Dr. Nancy Evans Weaver   Principal Lecturer, Psychology                 Estelle Barnard   Subject Librarian, PsychologyOpe...
Overview of Presentation Introduction: Background and rationale Method: Participants, Materials, Procedure Results: Des...
IntroductionEstelle’s question: What library sources do psychology students use?Expanded version: What sources from the sc...
Our Goals Use our data to advise faculty.   Do faculty expectations about type and frequency of use    match student use...
Our DataWe collected data on: Sources used   Textbook?   Instructor-provided sources?   Library-provided sources? Stu...
MethodParticipants Students enrolled in 73195 general & applied psychology, trimester 1 2010 124 students Previous and ...
This course One of a pair of Intro Psych courses at the Open  Polytechnic ODL (online and distance learning) Assignment...
Materials Collected the References page from Assignment 1 for  all 124 students Coded to remove identity Coded to recor...
Procedure Stratified random sample (n=12) of entire  assignments pulled and checked to see how  accurately References pag...
ResultsTwo types of data analysis1.   Descriptive statistics: Categories, with central     tendencies, ranges, frequencies...
Results: Descriptive Statistics Total number of sources used    Mean = 3.62 sources (none required)    Range = 0 – 11  ...
Results: Descriptive Statistics Instructor-recommended sources    Textbook       Frequency: 73/124 student (59%)   Pro...
Results: Descriptive Statistics Library sources   Subject Guide (online list of 73 library-held materials   specifically...
Results: Descriptive Statistics Other sources   Not textbook, not instructor-recommended, not library-    provided   Fo...
Results: Descriptive Statistics Type of submission   Students choose   In this assignment, 80% submitted online and 20%...
Results: Statistical Testing Just beginning – many more to run. Based on pilot study (2009) and experience in this cours...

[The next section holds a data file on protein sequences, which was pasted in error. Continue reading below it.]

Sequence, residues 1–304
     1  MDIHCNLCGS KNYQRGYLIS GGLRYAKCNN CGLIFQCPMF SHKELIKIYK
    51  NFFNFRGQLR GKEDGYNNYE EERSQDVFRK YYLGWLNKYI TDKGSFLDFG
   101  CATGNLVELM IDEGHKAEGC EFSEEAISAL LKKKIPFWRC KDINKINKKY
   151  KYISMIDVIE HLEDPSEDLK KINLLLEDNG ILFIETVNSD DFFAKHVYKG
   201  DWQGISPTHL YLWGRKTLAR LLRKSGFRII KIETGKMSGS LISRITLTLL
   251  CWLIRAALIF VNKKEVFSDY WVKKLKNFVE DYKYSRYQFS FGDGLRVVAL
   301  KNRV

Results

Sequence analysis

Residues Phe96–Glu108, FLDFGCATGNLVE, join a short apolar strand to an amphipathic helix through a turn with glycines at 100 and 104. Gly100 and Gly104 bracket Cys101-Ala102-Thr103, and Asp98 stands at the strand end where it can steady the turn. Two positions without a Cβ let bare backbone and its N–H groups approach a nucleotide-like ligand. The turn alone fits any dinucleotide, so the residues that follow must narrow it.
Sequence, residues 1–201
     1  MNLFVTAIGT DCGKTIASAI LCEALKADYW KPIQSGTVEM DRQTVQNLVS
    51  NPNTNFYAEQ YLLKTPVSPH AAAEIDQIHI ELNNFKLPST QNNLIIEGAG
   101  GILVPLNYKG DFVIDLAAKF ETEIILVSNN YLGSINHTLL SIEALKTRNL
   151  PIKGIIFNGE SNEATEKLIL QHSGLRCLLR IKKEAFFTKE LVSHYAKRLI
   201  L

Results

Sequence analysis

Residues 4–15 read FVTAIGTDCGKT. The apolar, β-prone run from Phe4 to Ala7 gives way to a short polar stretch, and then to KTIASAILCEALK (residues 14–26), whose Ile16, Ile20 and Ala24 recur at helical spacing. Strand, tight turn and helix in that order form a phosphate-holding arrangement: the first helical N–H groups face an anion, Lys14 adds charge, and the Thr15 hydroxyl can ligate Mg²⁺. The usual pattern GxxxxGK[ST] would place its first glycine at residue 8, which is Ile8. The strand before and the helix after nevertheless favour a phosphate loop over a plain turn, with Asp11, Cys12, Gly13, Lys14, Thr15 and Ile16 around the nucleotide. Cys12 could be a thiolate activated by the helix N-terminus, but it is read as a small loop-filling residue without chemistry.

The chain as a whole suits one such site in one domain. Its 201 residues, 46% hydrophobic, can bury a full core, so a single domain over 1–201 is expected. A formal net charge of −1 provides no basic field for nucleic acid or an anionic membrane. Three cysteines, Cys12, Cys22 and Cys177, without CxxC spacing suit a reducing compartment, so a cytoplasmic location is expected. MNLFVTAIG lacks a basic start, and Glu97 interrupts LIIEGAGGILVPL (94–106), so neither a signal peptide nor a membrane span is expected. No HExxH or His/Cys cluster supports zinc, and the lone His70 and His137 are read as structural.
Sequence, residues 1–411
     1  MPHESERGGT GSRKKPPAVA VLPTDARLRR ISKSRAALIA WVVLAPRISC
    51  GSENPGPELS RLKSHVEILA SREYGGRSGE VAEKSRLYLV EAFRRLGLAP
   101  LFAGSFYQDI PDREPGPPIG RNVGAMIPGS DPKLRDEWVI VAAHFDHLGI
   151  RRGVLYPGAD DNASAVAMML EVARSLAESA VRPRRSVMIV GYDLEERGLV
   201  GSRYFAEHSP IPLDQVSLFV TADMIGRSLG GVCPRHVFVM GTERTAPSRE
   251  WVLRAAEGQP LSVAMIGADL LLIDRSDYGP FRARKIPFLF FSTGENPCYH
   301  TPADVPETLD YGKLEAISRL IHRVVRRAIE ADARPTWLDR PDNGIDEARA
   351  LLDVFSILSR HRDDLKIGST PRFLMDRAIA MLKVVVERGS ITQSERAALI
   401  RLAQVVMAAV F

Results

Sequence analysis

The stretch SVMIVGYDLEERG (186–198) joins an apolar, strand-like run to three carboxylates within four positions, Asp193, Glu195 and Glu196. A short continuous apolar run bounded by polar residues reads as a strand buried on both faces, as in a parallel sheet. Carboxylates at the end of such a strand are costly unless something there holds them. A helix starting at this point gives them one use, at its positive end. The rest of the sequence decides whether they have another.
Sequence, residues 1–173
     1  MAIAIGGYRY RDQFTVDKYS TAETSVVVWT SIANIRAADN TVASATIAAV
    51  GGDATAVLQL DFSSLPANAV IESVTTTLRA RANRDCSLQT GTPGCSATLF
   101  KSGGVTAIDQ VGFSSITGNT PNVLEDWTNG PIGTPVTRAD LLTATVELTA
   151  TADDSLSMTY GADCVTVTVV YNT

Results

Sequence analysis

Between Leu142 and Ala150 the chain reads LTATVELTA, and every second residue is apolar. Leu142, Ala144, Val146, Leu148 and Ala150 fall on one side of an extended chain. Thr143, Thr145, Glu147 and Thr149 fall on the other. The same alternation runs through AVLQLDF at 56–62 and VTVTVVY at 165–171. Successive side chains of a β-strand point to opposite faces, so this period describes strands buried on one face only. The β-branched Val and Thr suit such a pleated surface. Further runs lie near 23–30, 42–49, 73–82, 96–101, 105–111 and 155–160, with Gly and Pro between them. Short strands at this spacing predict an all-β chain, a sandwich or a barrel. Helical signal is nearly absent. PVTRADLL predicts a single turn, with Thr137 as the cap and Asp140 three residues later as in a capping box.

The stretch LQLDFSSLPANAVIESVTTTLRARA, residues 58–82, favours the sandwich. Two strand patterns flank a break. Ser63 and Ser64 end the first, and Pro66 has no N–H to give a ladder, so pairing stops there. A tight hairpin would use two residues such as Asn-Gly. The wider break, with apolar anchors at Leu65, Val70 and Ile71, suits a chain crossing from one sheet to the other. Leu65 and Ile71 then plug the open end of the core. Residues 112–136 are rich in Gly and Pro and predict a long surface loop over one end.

Results: Statistical TestingHypothesis 1: There would be an effect of type of submission.Specific test:  Use of journal ar...
Results: Statistical TestingHypothesis 2: Some source variables would affect mark achieved.Specific Test # 1: The number o...
Results: Statistical TestingHypothesis 2: Some source variables would affect mark achieved.Specific Test # 2: The use of i...
Results: Summary We categorized source types, collected descriptive statistics on  all of them, and ran some statistical ...
Discussion Can we measure the types and frequencies of sources  used by tertiary-level students beginning their study  of...
Surprises  More use of sources than we expected, given that none  (other than their own data) are required:  average of 3...
Limitations to our work  Very limited sample:      Students in one course, in one trimester, in one discipline,       at...
Future directions  Finish stats testing.  Analyse data from Assignment 2.  Collect and analyse data from assignments in...
Thanks Our colleagues for help with data collection and analysis. Our students for their hard work in learning how to ru...
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NTLTC 2011 - student use of academic resources in assignments

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  • The presentation sits alongside a peer reviewed paper prepared for the NTLT Conference - view the paper at http://akoaotearoa.ac.nz/community/national-teaching-and-learning-conference-2010/resources/files/weaver-barnard-student-use-academic-resources-assignmen
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NTLTC 2011 - student use of academic resources in assignments

  1. 1. Dr. Nancy Evans Weaver Principal Lecturer, Psychology Estelle Barnard Subject Librarian, PsychologyOpen Polytechnic of New Zealand